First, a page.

This loss didn’t stop him from wanting to become a better boxer. Georger went on to be an assistant coach in Cedar Rapids Boxing Club in exchange for them teaching him how to box. He then continued to box for 10 years as a pro. 

“As I was helping to be an assistant coach…for boxers, I found that I really did enjoy coaching. I like coaching. I think that it provides a lot of lessons that are lost throughout the course of time,” George said.

Learning and acquiring knowledge are significantly different for George. He uses these ideas in his teachings.

“When you read a book made by an author that has studied and done research over, you only understand it on a mental level, rather than acquiring that knowledge as they did over the subject by putting in the effort,” George said.

The way coaches actually teach their athletes plays a major role in what the athlete will get out of the sport itself. 

“I started with Richard as my coach, who is now my good friend. He motivated me to lose weight and made me confident enough to join the boxing team. Not much over a year ago I joined the team with George as my coach,” Brandt said.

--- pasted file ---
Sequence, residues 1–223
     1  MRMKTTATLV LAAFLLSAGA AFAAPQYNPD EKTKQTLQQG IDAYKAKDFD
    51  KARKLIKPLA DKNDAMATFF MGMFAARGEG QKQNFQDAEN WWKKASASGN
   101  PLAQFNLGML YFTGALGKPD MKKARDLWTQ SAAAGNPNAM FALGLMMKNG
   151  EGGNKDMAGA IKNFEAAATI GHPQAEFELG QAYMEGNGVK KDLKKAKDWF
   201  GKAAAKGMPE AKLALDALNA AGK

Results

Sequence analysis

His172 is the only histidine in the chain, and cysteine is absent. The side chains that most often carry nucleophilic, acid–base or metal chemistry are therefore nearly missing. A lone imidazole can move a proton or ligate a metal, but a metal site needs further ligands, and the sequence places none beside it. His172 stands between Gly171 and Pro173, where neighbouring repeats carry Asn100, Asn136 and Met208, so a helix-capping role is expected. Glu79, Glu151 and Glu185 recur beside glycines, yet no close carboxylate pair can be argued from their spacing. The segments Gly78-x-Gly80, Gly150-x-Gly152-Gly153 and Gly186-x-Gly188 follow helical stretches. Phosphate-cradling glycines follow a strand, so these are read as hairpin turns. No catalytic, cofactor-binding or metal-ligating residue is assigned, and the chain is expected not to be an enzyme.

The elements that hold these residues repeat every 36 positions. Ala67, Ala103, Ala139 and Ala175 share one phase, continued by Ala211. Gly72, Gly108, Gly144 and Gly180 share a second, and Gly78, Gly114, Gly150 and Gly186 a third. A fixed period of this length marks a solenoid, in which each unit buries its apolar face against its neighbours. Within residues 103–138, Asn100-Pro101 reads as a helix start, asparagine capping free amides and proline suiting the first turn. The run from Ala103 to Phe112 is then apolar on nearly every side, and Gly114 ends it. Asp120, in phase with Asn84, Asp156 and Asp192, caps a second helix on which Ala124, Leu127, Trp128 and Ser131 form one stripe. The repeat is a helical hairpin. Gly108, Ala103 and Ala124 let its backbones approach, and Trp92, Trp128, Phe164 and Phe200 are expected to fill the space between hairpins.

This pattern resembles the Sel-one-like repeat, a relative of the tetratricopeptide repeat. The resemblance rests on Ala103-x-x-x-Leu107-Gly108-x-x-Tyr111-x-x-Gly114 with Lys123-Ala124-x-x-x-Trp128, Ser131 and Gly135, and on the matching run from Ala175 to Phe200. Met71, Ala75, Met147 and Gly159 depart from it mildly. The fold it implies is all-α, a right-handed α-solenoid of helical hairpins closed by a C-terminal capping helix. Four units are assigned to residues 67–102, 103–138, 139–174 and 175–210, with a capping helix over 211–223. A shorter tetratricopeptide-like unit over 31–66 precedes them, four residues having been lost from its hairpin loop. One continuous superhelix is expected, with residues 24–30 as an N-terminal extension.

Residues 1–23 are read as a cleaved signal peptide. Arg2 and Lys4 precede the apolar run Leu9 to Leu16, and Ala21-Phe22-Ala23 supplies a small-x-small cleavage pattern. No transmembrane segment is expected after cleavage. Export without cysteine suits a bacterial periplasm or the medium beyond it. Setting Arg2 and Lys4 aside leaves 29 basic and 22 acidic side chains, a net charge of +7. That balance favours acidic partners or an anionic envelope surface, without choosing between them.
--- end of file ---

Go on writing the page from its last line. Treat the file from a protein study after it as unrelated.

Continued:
George tries to incorporate valuable life lessons he’s learned, specifically philosophy, into his teachings as a more subtle way of getting his athletes to learn and experiment with things, while not trying to force these ideas onto them.

“What we need to do is deal with the way we approach things. Do things right. Then if you find that you can do that in athletics, you can apply that anywhere in lifeschoolwork, relationships, or anything you want to do,” George said.

He believes the sport comes especially in handy when it comes to bullying and social stigma. He thinks that people have the power to allow someone to hurt others or do something about it when it is absolutely necessary.

”When you fight, the only chance that you’ll ever let somebody have to hurt you is if you let them have that chance. Where else in life are we vulnerable in things? Only in opportunities where we let someone else think that they can hurt you. A lot of times you hear about cyberbullying and how it affects people; you only let those people hurt you if you allow them to do so. You are who you are going to be,” George said.

George believes that the best thing about training to box is not trying to be better than other people, but instead strengthening what people are capable of that day. Many of his athletes believe they wouldn’t have gotten so far without him and his teachings and training methods.